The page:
Former Olympic long jump champion Greg Rutherford is training with Britain’s bobsleigh squad in an attempt to compete at the 2022 Beijing Winter Olympic Games.
The 34-year-old, who won gold at London 2012, aims to be the first Briton to win summer and winter Olympic medals.
Rutherford, who also claimed bronze at the Rio Olympics in 2016, ended his long jump career in 2018.
“I’m coming back, and I intend to make history,” he told the Guardian.
Rutherford is yet to sit in a bobsleigh, but is seen by British bobsleigh coaches as an athlete capable of competing for a place at next year’s Olympics in China.
He will join the four-man team piloted by Lamin Deen at a camp in Gibraltar in May and will train at the British Bobsleigh & Skeleton Association’s base in Bath later in the summer.
It is in Bath that Rutherford will get his first chance to sit in a bobsleigh, training on a dry track.
“We are really pleased to have Greg involved,” a spokesperson for the BBSA told BBC Sport.
“What Greg has set out to do is far from easy for any athlete but he has shown he has the right mindset to succeed and will no doubt leave no stone unturned along the way.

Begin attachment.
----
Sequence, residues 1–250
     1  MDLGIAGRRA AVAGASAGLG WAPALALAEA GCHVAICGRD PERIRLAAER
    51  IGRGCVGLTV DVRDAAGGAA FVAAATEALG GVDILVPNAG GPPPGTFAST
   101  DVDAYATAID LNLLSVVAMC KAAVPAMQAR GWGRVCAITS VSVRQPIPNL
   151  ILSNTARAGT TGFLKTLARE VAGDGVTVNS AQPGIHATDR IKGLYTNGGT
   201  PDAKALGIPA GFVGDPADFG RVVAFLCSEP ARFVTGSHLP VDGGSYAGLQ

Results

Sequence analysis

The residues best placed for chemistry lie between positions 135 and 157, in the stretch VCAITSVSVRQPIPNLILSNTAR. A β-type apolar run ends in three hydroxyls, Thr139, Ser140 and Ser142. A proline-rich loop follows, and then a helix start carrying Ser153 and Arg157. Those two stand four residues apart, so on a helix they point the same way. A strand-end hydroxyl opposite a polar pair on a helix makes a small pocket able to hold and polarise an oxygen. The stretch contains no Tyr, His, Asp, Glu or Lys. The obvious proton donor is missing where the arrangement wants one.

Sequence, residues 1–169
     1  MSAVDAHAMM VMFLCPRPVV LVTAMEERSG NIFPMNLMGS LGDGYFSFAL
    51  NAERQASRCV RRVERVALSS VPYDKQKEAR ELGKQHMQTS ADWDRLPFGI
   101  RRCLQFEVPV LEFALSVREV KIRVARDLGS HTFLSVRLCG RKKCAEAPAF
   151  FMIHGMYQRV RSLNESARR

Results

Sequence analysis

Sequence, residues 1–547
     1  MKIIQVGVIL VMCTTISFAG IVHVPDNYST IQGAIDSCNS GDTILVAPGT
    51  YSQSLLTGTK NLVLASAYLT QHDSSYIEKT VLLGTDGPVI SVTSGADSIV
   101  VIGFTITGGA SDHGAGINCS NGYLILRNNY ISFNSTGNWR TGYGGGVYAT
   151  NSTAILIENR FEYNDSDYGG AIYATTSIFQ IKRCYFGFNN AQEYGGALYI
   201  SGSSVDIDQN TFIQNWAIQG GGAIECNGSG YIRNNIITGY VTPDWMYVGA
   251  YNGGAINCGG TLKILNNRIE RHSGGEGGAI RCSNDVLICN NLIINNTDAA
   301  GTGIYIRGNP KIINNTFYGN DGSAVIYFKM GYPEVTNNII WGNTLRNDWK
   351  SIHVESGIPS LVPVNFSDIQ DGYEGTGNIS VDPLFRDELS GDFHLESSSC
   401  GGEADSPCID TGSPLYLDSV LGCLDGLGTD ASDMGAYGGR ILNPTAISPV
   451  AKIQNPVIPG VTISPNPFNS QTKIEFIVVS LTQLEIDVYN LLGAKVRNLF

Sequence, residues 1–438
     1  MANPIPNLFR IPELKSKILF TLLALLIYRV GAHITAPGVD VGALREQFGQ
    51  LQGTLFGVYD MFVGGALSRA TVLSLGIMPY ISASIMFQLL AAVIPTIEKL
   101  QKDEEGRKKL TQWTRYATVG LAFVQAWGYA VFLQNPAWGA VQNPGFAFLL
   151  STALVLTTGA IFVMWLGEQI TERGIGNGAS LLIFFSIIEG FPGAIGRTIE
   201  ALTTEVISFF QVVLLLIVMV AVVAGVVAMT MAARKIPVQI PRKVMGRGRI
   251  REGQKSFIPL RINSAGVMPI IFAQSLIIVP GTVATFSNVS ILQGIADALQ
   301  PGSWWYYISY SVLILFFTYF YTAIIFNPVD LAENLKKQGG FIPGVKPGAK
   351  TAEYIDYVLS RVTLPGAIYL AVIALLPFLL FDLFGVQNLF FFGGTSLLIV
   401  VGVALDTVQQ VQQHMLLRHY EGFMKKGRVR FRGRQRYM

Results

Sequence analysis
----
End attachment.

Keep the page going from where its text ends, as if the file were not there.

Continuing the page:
“We’re looking forward to seeing him compete for a place this coming season with a group of really talented athletes already in the GB set-up and we are really excited about what he can offer.”
Alongside Olympic gold, Rutherford claimed world, European and Commonwealth Games titles during an illustrious 13-year career as a long jumper.
When he announced his retirement in 2018, he said he was in pain “every single day” because of a continued problem with his left ankle.
He said he made the decision to attempt to take up the sport after he began training again during lockdown last year, although he had first discussed the idea in 2014.
While he admits his “ankle is still a bit dodgy” he added that his “body responded really well”.
Rutherford said he was encouraged to think about making the leap into the new sport by Canada’s two-time Olympic bobsleigh gold medallist Kaillie Humphries.
“I know most people believe it is impossible to go from never having attempted a sport to winning an Olympic medal in under a year,” Rutherford told the Guardian. “But I 100% disagree.
“I’m not doing this merely to turn up to finish 25th.
“I intend to train incredibly hard, get myself on to the team, and then win a medal. And if we get the right sled, and have the perfect run, anything is possible. Even gold.”
Britain’s four-man bobsleigh team piloted by Deen finished 12th at this year’s World Championships.